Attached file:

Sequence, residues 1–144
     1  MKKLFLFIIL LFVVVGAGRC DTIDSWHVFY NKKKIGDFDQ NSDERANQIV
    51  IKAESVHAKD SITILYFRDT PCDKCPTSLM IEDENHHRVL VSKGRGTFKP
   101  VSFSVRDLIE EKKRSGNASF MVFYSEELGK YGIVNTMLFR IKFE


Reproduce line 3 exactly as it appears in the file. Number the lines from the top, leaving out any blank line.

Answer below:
    51  IKAESVHAKD SITILYFRDT PCDKCPTSLM IEDENHHRVL VSKGRGTFKP